Helpers, employees, and owners: Opportunities for women’s empowerment in agricultural value chains
Rural development projects face the challenge of meeting multiple goals such as reducing poverty and empowering women and/or reducing gender inequalities. Many projects focus on value chains, specifically on increasing women’s participation to increase their incomes, thus empowering women and reducing poverty. However, there are few studies that have compared women’s empowerment in different value chains or across different nodes of value chains or by women’s roles in them for Latin America. In this study we examine different indicators of women’s empowerment between the production and processing nodes of two agricultural value chains – cashew and dairy – to better understand if/how women’s participation in value chains is related to their empowerment. We use both qualitative and quantitative data, to address this issue. The quantitative data comes from four intra-household surveys that sampled households participating in each of the nodes and value chains (i.e. cashew production, cashew processing, dairy production, and dairy processing). The surveys include data about the households, agricultural production, processing activities, and indicators of women’s empowerment (using A-WEAI). Qualitative data includes information about family participation in productive tasks, decision making, asset ownership, and beliefs about appropriate behavior and activities of men and women and their contributions to production within the value chains. Qualitative data was collected through interviews, participatory workshops, and focus group discussions. The results suggest that levels of empowerment differ (as measured by A-WEAI) between the value chains and across the different nodes of the value chains.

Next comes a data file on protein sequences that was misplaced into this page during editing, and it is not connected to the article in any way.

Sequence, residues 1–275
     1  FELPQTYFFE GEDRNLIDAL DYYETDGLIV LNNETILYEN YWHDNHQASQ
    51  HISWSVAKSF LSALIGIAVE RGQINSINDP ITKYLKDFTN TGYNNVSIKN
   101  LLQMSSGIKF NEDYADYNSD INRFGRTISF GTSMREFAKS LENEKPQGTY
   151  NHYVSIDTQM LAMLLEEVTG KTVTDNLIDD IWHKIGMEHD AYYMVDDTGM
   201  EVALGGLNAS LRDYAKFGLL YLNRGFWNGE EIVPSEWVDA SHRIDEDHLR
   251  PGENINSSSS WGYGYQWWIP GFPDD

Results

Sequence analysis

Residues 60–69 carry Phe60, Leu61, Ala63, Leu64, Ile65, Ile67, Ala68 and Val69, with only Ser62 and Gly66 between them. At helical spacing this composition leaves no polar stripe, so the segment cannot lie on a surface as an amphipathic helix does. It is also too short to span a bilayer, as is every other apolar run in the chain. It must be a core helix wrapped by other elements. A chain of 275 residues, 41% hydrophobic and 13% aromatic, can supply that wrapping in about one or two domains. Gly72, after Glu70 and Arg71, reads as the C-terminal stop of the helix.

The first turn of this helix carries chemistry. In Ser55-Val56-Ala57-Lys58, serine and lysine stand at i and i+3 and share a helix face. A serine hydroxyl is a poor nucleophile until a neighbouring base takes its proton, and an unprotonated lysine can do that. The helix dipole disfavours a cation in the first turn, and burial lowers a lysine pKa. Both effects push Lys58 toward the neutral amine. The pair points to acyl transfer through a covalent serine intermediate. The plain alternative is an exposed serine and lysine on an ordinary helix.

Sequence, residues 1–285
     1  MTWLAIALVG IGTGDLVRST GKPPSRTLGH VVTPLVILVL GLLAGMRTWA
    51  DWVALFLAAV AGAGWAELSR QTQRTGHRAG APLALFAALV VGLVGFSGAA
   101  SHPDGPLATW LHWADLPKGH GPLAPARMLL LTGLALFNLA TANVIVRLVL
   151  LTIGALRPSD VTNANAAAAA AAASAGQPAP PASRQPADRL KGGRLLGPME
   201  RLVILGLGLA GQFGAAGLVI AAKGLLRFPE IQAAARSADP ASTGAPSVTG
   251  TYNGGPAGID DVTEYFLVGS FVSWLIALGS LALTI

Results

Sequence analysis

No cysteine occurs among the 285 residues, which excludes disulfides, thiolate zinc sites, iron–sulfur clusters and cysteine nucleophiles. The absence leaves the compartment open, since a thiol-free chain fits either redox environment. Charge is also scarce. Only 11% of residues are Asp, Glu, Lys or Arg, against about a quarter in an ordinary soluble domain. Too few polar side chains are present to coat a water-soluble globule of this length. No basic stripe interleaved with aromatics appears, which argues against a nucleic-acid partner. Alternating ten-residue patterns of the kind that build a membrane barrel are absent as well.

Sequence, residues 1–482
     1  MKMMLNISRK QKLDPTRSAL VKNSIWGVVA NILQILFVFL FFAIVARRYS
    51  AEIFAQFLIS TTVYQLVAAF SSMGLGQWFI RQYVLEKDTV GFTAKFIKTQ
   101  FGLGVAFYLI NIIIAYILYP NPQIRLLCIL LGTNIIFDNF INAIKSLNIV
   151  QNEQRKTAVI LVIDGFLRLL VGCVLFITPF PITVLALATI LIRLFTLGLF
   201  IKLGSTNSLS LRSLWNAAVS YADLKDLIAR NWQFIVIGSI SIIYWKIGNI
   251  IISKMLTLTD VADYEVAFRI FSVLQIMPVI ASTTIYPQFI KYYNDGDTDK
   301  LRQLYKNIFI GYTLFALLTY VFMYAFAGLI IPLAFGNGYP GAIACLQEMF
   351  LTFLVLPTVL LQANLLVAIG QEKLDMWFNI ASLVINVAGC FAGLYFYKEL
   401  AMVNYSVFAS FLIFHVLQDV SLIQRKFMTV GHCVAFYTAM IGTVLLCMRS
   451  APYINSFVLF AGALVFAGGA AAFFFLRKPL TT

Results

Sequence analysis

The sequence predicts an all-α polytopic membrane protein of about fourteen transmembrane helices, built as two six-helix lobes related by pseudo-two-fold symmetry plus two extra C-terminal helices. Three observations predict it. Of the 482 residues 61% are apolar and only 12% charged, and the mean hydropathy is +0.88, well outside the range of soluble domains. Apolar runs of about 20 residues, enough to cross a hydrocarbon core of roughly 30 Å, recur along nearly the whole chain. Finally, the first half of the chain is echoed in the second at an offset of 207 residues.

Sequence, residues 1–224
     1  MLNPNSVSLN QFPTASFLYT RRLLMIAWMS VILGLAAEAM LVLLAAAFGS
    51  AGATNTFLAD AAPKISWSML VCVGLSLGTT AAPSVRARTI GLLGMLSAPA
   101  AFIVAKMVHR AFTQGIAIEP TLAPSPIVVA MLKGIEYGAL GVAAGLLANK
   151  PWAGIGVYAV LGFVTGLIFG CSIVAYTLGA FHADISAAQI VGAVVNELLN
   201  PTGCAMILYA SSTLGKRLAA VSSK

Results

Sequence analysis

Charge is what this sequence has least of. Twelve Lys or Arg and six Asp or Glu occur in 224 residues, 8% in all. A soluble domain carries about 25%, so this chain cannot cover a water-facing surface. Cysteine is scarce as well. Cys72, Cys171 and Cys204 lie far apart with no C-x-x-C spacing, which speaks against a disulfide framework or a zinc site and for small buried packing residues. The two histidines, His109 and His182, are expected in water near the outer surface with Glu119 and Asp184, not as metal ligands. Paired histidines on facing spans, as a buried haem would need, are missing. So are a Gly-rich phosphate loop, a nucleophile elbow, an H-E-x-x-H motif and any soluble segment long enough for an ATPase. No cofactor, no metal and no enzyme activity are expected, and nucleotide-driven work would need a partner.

For example, women in the processing nodes have lower levels of empowerment than those in the production nodes. This is contrary to the common assumption that women’s empowerment would be higher in the processing node because the employment opportunities are greater. Closer examination of the different indicators comprising the empowerment index for the different groups shows that women in the processing nodes face greater time burdens associated with employment, which contributes to a lower empowerment index score for these groups.
Twyman, J.; Moreno, M.; Claros, L.M.; Wiegel, J.